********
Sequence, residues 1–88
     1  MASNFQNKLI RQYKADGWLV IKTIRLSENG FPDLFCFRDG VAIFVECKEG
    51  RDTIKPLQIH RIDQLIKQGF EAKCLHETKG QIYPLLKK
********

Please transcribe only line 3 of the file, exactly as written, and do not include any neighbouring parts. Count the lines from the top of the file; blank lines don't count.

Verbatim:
    51  RDTIKPLQIH RIDQLIKQGF EAKCLHETKG QIYPLLKK